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The American Dream Is Still Alive, but in Peril

There’s a lot of rage out there in the electorate, as everybody knows, but I think some of it is displaced fear that working hard doesn’t guarantee prosperity anymore.

[IMGCAP(1)]This was expressed to President Barack Obama’s face in his televised town hall Monday by a recent law school graduate who told him: “like a lot of people, I was really impressed by your campaign and message… That inspiration is dying away. It feels like the American dream is not attainable to a lot of us.”

Most media outlets reporting on the U.S. Census incomes report last week focused on the deplorable fact that one in seven Americans — 43 million — lived below the poverty line in 2009.

But the Wall Street Journal had the right headline to explain the generalized experience of average Americans: “Lost Decade for Family Income.”

The median income of American families in 2009 was $49,777, below what it was in 1997.

The story of America is that, except during recessions, incomes rise. The median family income was $40,108 in 1967. It was $43,758 in 1977; $47,071 in 1987 and $49,309 in 1997. It got up to $52,338 in 1999. It’s been falling back ever since.

Americans are an optimistic people and they have always had a right to be. They still are — but less so.

A Pew Research Center poll this year found that 64 percent of Americans pronounced themselves optimistic about their family’s life, 61 percent about America’s future and 56 percent about the U.S. economy over the next 40 years. But those numbers are down from 81 percent, 70 percent and 64 percent in 1999.

Short-term attitudes are much more downbeat. A Gallup poll this month showed that 84 percent think we’re still in a recession and 47 percent think it’s not improving.

Instead of figuring out together what to do, politicians would rather blame each other and stick to their ideologies.

Democrats want more government-funded stimulus packages and continued tax cuts for the middle class even though the national debt is nearing 100 percent of GDP, the highest since World War II.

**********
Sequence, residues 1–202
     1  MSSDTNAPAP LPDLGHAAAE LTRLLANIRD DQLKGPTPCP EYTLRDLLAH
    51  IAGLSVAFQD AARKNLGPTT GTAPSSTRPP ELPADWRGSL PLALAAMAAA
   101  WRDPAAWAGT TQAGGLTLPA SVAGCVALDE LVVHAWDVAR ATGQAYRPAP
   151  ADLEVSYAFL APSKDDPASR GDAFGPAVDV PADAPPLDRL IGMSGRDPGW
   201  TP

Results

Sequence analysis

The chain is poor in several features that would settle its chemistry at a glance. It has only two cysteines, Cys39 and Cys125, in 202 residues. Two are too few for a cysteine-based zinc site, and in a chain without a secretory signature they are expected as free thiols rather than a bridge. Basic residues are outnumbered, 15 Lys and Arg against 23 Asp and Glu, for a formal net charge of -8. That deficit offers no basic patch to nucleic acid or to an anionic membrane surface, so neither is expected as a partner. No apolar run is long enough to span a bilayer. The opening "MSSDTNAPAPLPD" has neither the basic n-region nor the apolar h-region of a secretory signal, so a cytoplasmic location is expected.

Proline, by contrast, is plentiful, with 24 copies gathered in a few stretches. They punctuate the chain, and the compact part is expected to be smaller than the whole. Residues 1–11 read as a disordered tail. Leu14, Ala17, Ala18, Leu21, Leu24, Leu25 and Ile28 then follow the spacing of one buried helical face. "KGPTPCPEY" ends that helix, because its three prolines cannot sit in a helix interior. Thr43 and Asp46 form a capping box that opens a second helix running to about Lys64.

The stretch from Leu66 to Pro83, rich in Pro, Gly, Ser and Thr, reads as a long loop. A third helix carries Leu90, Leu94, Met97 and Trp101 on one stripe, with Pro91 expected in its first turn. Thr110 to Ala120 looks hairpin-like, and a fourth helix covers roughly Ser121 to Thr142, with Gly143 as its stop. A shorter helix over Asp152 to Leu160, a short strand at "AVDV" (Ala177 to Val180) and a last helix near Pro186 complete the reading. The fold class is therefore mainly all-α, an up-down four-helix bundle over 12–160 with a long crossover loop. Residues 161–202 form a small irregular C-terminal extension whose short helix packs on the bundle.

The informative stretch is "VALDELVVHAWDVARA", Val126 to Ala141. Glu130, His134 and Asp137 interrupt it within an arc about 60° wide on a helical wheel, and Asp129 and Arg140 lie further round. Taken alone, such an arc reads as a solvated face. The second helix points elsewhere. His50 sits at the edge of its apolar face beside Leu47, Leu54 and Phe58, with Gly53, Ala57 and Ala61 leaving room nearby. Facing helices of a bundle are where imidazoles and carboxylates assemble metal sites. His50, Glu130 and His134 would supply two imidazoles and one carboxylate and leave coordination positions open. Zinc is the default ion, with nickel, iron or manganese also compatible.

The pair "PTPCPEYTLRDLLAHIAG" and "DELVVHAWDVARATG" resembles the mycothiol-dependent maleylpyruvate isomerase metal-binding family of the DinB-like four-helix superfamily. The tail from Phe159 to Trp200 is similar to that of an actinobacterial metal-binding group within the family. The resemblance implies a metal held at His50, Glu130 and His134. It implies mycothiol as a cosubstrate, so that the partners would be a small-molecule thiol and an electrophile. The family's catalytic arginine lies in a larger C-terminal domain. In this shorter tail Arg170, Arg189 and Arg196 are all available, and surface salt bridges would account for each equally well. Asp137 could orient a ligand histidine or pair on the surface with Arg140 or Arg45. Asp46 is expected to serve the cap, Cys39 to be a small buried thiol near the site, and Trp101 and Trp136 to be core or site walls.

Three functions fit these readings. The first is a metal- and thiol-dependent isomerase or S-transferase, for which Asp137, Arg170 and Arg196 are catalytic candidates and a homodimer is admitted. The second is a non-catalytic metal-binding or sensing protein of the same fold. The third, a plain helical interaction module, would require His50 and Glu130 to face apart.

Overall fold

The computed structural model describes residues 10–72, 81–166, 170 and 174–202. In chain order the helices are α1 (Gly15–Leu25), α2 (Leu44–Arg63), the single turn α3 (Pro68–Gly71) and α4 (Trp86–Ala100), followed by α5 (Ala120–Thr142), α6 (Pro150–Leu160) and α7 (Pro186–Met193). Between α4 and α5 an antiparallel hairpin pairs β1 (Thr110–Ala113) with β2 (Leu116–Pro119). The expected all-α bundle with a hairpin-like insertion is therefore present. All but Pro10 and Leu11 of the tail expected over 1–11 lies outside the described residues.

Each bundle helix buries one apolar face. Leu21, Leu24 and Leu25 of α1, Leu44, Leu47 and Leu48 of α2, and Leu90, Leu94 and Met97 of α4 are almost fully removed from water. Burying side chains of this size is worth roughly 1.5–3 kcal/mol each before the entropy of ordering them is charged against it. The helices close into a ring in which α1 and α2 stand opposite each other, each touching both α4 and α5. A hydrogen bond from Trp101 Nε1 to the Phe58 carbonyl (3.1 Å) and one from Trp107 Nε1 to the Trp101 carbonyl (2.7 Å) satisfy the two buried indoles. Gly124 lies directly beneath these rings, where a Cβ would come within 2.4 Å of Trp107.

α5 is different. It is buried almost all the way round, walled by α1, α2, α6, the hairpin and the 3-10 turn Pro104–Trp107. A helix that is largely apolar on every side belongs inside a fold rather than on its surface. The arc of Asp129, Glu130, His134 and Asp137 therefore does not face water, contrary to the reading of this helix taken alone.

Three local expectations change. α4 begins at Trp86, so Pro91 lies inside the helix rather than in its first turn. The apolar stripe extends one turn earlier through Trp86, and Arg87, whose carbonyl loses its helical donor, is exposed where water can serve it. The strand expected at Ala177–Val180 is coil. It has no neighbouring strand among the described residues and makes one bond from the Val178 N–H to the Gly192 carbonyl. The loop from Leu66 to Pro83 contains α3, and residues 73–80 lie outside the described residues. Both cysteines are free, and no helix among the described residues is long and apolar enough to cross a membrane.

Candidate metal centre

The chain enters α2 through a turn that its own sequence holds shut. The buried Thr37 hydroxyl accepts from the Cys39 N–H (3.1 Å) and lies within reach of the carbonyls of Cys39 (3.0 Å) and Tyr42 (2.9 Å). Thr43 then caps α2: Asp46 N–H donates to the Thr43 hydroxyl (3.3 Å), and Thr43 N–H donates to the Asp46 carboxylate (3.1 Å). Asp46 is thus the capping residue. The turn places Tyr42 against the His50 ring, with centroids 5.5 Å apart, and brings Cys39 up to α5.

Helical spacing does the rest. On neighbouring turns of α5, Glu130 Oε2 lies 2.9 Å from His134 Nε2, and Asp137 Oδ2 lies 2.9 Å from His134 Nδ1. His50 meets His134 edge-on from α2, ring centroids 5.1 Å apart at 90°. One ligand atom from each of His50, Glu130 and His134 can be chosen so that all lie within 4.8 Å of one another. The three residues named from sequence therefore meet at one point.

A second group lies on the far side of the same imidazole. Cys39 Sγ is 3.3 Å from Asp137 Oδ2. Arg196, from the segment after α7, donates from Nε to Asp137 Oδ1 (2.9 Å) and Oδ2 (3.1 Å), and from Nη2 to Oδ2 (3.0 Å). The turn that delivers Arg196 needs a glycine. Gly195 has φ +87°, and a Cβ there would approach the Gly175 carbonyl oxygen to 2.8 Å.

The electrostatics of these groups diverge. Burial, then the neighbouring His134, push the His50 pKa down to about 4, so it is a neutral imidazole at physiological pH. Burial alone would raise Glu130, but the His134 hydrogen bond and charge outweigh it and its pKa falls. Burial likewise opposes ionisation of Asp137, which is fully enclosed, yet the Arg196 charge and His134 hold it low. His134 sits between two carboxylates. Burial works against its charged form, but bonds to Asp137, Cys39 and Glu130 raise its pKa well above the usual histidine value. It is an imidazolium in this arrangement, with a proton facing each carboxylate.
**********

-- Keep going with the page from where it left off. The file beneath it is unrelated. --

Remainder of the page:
Republicans want to extend tax cuts for everyone — especially the wealthy — even though the census numbers show that income disparities are as great as they’ve been since the 1920s, and growing. Cutting domestic spending would add to the woes of those at the bottom.

So what to do? There ought to be both long-term and short-term solutions. One (relatively) short-term step might be creation of a national infrastructure bank that would use its lending authority to encourage private investment in roads, railways, air traffic control and waterways.

The American Society of Civil Engineers estimates that the country needs to spend $2 trillion to bring its infrastructure up to acceptable standards. Governments can’t afford such outlays, but well-structured bank loans might unleash the trillions that private companies are sitting on — and reduce the unemployment rate.

For the long-term future, the only certain answer is to vastly improve U.S. education so that Americans can compete with foreigners who work for lower wages.

The College Board’s just-issued “Education Pays” report showed that the median income for Americans with bachelor’s degrees in 2008 was $55,700; for those with associate degrees, $42,000; for high school graduates, $33,800; and for those without a high school degree, $24,300, a mere $2,000 above the U.S. poverty line.

The Obama administration, following the lead of the George W. Bush administration, has made dramatic strides toward reforming elementary and secondary education, with nearly 40 states signed on to the administration’s challenge to raise standards in a “race to the top.”

Countless examples exist in the country of both public and charter schools that prove low-income children can achieve.

The fact that four movies are in circulation promoting education reform — notably, “Waiting for Superman” — is evidence that the movement has support.

Higher education needs more serious attention. The Georgetown University Center on Education and the Workforce found that between 1973 and 2008, the portion of U.S. jobs requiring post-secondary education grew from 28 percent to 53 percent and will climb to 63 percent by 2018.

Only 39 percent of adults in the U.S. have an associate degree or better, according to the Lumina Foundation, which promotes college completion. The U.S. once had the highest college completion rate in the world. Now, we’re 14th.

Lumina’s goal — also the administration’s — is to raise the postsecondary degree rate to 60 percent by 2025. That will require producing 150,000 more graduates each year.

Obama has tried to make college more affordable, but his $12 billion “race to the top” proposal for higher education was converted by Congress to a $2 billion program to help workers dislocated by trade.

A movement is developing to match quality improvement in higher education to that in K-12, but it’s nowhere near as far along and is meeting resistance from institutions unwilling to release data on graduation rates and employment results.

Forty-seven nations have joined a program known as the Bologna Process to implement common standards for what university graduates should learn. Nothing like that exists in the United States.

If Americans are beginning to think hard work doesn’t guarantee prosperity anymore, the only answer is more hard work to invest in both physical and human resources — and a government that isn’t caught up in partisan paralysis.

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